Same-sex marriage cases get Supreme Court review
WASHINGTON (AP) — The Supreme Court is taking a potentially historic look at same-sex marriage by agreeing to hear two cases that challenge governments’ different treatment of gay Americans. The focus in one case is California’s constitutional amendment that forbids same-sex marriage. The other case deals with a federal law that denies to those who can marry legally the right to obtain federal benefits that are available to heterosexual married couples.
Obama request for Sandy aid could face hurdles
WASHINGTON (AP) — President Barack Obama’s proposal for $60.4 billion in federal aid for states hit by Superstorm Sandy adds a huge new item to an end-of-year congressional agenda already packed with controversy. The president’s request to Congress on Friday followed weeks of discussions with lawmakers and officials from New York, New Jersey and other affected states who requested significantly more money, but generally praised the president’s request as they urged Congress to adopt it without delay.
US: 200 teens have been detained in Afghan war
NEW YORK (AP) — The U.S. military has detained more than 200 Afghan teenagers who were captured in the war for about a year at a time at a military prison next to Bagram Airfield in Afghanistan, the United States has told the United Nations. The U.S. State Department characterized the detainees held since 2008 as ‘‘enemy combatants’’ in a report sent every four years to the United Nations in Geneva updating U.S. compliance with the U.N. Convention on the Rights of the Child.
Ex-Fla. Gov. Crist tweets he's joining Democrats
TALLAHASSEE, Fla. (AP) — Former Florida Gov. Charlie Crist, who was elected the state’s chief executive as a Republican and then ran unsuccessfully for the U.S. Senate as an independent, announced on Twitter that he’s switching to the Democratic Party. The announcement Friday night fanned speculation that Crist would seek to regain his old job from Republican Gov. Rick Scott in 2014.
Man in Ariz. claims half of Powerball jackpot
PHOENIX (AP) — Fallout from the looming fiscal cliff has drifted into the Powerball arena. A man who lottery officials announced Friday has claimed his half of the $587.5 million Powerball jackpot, decided to collect the winnings now and not next year because of the financial uncertainty posed by the nation’s ongoing financial impasse.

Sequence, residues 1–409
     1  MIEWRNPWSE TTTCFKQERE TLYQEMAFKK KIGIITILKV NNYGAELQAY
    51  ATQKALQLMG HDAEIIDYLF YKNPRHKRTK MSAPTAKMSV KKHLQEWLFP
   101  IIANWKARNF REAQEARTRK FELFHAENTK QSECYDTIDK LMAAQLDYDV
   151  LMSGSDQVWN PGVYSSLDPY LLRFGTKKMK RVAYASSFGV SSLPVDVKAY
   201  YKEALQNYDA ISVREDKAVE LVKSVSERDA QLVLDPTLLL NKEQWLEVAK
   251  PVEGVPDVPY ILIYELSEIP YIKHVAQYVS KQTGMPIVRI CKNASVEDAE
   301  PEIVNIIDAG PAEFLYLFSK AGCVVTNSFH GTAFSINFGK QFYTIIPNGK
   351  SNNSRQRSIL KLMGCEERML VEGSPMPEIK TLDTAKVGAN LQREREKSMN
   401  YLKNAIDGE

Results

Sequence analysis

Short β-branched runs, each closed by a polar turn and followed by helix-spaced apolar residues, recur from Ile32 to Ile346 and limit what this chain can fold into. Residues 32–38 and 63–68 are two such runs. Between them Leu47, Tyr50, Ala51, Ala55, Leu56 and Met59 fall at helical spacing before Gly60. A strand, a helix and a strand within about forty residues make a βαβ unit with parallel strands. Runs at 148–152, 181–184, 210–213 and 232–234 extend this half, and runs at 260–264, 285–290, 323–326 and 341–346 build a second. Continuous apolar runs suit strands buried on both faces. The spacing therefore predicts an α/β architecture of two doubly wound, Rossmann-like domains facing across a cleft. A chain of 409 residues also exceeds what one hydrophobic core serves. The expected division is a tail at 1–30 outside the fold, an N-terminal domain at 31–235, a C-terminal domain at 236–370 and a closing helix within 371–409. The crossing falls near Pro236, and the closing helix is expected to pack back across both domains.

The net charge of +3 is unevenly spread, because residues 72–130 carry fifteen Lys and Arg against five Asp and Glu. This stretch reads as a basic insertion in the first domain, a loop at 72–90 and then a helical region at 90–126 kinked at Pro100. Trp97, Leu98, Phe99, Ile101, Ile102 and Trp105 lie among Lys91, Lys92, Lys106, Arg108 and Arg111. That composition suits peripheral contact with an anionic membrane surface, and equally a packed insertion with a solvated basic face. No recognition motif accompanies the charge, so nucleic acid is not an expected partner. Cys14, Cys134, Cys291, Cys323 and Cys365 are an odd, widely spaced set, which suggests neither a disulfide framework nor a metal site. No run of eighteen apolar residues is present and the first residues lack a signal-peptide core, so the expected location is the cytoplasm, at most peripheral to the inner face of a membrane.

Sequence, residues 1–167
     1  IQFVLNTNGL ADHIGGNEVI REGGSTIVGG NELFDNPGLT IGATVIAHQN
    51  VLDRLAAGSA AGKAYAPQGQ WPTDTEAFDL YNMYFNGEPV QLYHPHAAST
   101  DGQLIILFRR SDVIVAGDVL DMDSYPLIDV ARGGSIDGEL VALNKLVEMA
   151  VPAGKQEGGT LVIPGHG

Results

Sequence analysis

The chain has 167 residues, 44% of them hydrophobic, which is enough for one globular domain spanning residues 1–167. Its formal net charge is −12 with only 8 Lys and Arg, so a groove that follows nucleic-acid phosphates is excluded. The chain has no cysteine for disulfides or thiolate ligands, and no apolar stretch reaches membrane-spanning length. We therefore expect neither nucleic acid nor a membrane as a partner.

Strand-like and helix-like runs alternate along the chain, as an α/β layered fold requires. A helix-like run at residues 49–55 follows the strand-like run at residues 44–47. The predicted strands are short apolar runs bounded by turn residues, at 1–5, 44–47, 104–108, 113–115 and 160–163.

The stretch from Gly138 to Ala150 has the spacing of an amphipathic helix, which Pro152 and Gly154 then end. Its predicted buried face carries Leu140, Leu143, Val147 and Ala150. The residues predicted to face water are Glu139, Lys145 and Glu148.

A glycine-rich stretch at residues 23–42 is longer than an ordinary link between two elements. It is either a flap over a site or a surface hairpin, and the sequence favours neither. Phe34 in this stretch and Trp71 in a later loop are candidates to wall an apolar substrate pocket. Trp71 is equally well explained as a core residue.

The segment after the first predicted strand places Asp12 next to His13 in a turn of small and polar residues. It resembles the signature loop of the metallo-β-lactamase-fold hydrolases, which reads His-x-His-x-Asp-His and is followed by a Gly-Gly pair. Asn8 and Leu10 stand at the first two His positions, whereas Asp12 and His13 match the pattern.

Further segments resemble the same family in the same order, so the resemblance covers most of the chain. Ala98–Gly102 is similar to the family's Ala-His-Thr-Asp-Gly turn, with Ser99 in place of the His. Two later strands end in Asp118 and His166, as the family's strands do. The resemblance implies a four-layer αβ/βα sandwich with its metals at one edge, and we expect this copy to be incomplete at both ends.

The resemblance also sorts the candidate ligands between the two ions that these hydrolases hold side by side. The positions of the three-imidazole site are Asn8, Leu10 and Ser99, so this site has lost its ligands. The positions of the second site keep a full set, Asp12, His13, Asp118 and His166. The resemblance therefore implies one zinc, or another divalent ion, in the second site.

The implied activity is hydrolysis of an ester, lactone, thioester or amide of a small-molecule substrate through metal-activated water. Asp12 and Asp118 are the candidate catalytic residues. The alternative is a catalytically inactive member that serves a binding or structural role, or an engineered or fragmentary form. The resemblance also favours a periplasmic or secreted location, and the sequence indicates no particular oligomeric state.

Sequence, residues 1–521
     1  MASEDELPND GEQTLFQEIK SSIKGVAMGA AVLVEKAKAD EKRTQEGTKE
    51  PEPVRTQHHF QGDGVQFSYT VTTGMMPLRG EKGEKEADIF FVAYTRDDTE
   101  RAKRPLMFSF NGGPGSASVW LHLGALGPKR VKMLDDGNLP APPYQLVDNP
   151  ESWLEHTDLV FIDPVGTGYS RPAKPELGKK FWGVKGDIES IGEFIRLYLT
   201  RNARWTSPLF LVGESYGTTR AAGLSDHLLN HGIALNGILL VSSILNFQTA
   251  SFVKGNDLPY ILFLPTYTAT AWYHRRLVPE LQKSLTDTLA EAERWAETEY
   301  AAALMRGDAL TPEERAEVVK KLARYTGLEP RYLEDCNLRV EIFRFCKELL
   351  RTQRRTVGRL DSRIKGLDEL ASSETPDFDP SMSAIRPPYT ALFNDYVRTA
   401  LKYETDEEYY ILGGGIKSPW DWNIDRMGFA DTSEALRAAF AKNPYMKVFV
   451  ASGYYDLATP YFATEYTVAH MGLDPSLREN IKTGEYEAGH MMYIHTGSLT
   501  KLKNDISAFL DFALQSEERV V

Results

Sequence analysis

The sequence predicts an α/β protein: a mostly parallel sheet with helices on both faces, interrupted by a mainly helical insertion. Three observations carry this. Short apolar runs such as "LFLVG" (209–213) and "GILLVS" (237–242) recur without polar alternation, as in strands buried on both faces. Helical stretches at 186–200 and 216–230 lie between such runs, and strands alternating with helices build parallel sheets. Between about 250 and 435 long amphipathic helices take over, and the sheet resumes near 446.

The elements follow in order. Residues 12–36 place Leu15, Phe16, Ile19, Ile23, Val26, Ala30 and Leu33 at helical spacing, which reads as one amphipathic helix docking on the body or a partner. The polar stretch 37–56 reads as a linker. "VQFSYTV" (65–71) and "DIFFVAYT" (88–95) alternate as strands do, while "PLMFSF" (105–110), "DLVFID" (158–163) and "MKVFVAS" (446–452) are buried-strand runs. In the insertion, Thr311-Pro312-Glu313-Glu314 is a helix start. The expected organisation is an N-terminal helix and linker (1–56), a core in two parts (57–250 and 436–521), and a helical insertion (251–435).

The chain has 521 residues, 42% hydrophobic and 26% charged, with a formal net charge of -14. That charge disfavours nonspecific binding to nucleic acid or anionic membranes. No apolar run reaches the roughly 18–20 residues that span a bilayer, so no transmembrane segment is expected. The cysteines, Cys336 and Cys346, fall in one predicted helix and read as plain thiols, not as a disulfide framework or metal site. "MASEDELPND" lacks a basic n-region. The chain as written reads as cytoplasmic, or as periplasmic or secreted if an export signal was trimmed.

FBI says Alaska man killed people for fun
ANCHORAGE, Alaska (AP) — Confessed serial killer Israel Keyes admitted he enjoyed killing people, but couldn’t or wouldn’t give investigators a more meaningful answer when quizzed why he did it. ‘‘There were just times, a couple of times, where we would try to get a why,’’ said Anchorage Police officer Jeff Bell, who helped interrogate Keyes for hours.
China's Xi leads campaign to cut pomp
BEIJING (AP) — New communist leader Xi Jinping is on a mission to soften the image of Chinese officialdom, winning kudos for his breezy personal style and ordering leaders to take a knife to the pomp, formality and waste that have alienated many among the public. With his silky baritone, glamorous wife and daughter at Harvard, Xi cuts a very different figure from the staid, hyper-private leaders of the past. Even his posture, more like that of a slouchy college professor than a stiff party cadre, has won him plaudits.
IBM shifts 401(k) policy to once-a-year matches
IBM is making changes to its employee benefits that may cause other large corporations to follow suit. The technology company will begin making contributions to employees’ 401(k) accounts in lump-sum annual payments, rather than at the time of each paycheck. It’s a move that will help the company cut retirement plan expenses. Employees were notified this week that matching contributions will be made just once annually, on Dec. 31, beginning next year. ‘‘This change reflects our continuing commitment to invest in our employee 401(k) plans while maintaining business competitiveness in a challenging economic environment,’’ IBM spokesman Doug Shelton said.
Brotherhood leader: Egyptians must disown violence
CAIRO (AP) — The spiritual leader of Egypt’s fundamentalist Muslim Brotherhood is urging Egyptians to disown violence, saying that working through the ballot box is the best way to lift the country out of its current political crisis. Egypt has been engulfed in turmoil linked to a contentious draft constitution backed by President Mohammed Morsi, who hails from the Brotherhood, and his Islamist allies.Continued...